Farmer Guides

Pests and Diseases

A Guide to Willow Sawfly

  • The Willow sawfly is found throughout New Zealand
  • Their larvae feed exclusively on willows with all varieties being susceptible
  • Emerging larvae eat a ‘window’ in the leaf, and then feeds along the edge of the hole. After moulting it usually moves to the edge of the leaf, and continues to feed.
  • Damage from willow sawfly is serious but periodic and the future risk is considered low

NZ Poplar & Willow Research Trust:

The Giant Willow Aphid

  • This very large aphid appears as colonies in summer
  • By late summer there may be tens of thousands on a single tree
  • It has an adverse impact on tree growth, exacerbates the effects of droughts and the honeydew they produce attracts wasps
  • Control with systemic pesticides is possible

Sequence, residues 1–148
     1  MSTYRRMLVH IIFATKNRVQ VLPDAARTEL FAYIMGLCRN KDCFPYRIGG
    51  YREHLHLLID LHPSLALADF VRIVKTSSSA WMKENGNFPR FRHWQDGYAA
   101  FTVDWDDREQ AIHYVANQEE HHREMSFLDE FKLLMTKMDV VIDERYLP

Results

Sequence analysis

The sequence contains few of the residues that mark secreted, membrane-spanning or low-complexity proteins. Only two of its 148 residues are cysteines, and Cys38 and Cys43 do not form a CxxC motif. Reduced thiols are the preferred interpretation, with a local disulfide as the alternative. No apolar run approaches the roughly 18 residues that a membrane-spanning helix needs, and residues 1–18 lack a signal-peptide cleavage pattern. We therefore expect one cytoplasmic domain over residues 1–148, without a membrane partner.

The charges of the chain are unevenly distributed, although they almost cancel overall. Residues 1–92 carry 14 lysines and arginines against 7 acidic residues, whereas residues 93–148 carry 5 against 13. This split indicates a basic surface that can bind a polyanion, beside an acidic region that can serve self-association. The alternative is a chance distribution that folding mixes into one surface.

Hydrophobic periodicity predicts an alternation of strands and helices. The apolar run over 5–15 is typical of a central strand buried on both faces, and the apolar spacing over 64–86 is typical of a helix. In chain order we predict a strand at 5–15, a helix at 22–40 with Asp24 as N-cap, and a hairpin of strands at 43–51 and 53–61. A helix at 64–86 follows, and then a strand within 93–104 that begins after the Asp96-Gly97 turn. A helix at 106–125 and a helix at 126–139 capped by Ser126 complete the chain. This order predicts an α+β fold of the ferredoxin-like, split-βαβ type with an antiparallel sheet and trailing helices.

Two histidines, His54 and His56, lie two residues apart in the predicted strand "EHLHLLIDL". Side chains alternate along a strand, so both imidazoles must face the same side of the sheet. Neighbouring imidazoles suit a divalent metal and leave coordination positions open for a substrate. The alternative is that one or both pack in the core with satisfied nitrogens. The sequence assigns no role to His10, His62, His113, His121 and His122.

• Biological control agents are being sought

NZ Poplar & Willow Research Trust:

Poplar Sawfly Cladius grandis

  • A single poplar sawfly, Cladius grandis (Tenthredinidae), larva was detected in a gypsy moth trap in Dunedin in February 2019
  • Adults: 6-9mm; overall reddish yellow, head and part of thorax black; wings yellowish hyaline strongly iridescent, venation reddish yellow
  • Larvae: up to 16mm; overall yellow with two lateral rows of black spots (dorsal much larger than ventral) and whitish hairs; head blackish and brownish except some yellow spots on the frontal part
  • Host plants include species from Family Salicaceae: Populus alba, P. balsamifera, P. canadensis, P. dilatata, P. monilifera, P. nigra, P. tremula, P. pyramidalis, Salix caprea (pussy willow).

Otago Regional Council: